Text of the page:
Selection of a business entity form for a new Colorado business
Legal counsel can help an entrepreneur evaluate business goals in light of the entities available.
Once a decision is made to start or acquire a commercial enterprise in Colorado, the entrepreneur will be faced with the crucially important choice of business entity form within which to operate. Foremost in an entrepreneur’s mind in considering entity choices are issues of personal liability, taxation, and control, each of which can be significantly impacted by how the business is structured.
Seeking a lawyer early on in the business development process is a good idea so that the choice-of-entity-form decision is informed and carefully thought out with business goals in mind. Legal counsel can educate you on the pros and cons of each business entity type available in Colorado and then assist you in the legal processes needed to set up your entity of choice, including the drafting and filing of legal documents.
When an individual person hangs out a shingle, so to speak, and goes into business alone and without filing any entity formation documents, a sole proprietorship is formed. The owner has complete control of the business, is personally liable for business debt, and pays business taxes (or reports losses) on his or her own tax returns.
Another common business entity form is the general partnership, which is formed when two or more people go into business together. Usually profits, losses, liabilities and control are shared equally unless a written partnership agreement provides otherwise (although an individual partner may be personally liable for an entire debt). Individual partners handle partnership profits and losses on their individual returns. Any partner can legally bind the business to a contract or obligation.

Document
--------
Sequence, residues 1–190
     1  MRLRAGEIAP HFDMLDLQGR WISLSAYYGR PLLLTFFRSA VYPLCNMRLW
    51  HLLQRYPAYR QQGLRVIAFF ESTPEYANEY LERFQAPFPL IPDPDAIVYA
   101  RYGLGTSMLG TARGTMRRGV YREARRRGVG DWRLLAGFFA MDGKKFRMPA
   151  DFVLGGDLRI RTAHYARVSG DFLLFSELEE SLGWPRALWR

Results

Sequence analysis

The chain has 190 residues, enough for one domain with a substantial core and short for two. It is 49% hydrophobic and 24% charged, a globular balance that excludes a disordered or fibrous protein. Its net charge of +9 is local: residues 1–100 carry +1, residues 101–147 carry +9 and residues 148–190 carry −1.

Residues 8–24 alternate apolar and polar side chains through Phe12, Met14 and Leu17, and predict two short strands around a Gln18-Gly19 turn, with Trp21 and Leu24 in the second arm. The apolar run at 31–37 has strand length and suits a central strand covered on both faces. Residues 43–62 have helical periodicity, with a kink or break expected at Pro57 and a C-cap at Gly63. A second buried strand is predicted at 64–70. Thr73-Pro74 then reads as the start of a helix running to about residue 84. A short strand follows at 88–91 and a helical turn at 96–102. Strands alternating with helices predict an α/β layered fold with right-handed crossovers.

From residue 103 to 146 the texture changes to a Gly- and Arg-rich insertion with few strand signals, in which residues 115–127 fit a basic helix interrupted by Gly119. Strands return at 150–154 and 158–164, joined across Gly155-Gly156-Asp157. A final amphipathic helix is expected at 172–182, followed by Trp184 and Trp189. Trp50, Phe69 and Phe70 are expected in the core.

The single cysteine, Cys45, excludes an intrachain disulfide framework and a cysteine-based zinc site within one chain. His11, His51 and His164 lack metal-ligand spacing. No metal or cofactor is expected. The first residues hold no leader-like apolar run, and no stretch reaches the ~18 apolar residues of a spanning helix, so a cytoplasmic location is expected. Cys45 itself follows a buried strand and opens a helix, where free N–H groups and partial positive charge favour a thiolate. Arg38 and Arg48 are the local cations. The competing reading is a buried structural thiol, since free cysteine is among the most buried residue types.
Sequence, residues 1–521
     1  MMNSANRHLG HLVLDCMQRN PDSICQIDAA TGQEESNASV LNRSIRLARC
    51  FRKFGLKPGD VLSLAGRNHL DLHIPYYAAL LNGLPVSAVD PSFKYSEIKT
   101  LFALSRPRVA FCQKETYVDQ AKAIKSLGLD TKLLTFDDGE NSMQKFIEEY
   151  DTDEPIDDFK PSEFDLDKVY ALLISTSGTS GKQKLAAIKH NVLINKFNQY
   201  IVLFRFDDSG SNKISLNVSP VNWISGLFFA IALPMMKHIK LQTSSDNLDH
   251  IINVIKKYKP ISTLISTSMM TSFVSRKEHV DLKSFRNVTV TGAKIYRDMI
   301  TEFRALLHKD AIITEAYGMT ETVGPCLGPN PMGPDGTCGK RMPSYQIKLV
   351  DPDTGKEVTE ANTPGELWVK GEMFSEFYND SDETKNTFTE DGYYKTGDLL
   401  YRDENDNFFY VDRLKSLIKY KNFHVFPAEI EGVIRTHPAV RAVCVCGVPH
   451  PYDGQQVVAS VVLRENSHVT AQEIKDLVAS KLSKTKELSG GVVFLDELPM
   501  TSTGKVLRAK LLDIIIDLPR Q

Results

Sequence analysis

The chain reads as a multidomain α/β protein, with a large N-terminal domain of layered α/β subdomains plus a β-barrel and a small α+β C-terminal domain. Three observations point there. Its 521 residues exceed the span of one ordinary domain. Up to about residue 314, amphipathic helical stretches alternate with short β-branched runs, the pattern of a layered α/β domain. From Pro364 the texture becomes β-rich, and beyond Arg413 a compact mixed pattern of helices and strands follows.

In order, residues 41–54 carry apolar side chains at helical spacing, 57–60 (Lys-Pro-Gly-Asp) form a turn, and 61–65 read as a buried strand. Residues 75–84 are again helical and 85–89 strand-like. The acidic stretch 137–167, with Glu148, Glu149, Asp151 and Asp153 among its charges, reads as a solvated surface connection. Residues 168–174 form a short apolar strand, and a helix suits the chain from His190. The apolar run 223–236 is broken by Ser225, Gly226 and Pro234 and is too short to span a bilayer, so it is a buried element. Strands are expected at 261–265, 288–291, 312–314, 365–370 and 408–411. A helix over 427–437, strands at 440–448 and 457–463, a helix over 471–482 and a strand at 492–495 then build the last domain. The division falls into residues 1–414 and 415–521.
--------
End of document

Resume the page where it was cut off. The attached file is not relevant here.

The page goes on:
The limited partnership is a variation in which limited partners contribute financially, are limited in liability only to their levels of investment, and do not participate in management with the general partners.
Many businesses choose the corporation as their preferred entity structure. The corporation is a completely separate legal entity from the owners, and, as such, the corporation is liable for business taxes and other liabilities and debts, shielding the owners from personal risk. Ownership is vested in shareholders. How a corporation is or should be taxed and how it will be managed are decisions with which attorney can provide assistance.
The limited liability company or LLC is a popular modern hybrid legal entity that combines advantageous aspects of the corporation (shielding owners from liability) and partnership (taxation matters). Owners are called members, and management is either by the members or by hired managers.
Several other entities are available under Colorado law, like the limited liability partnership, limited liability limited partnership, limited partnership association, and others.
The lawyers at Wick & Trautwein, LLC, with offices in Fort Collins and Windsor, Colorado, help entrepreneurs in all business formation matters throughout northern Colorado and southern Wyoming.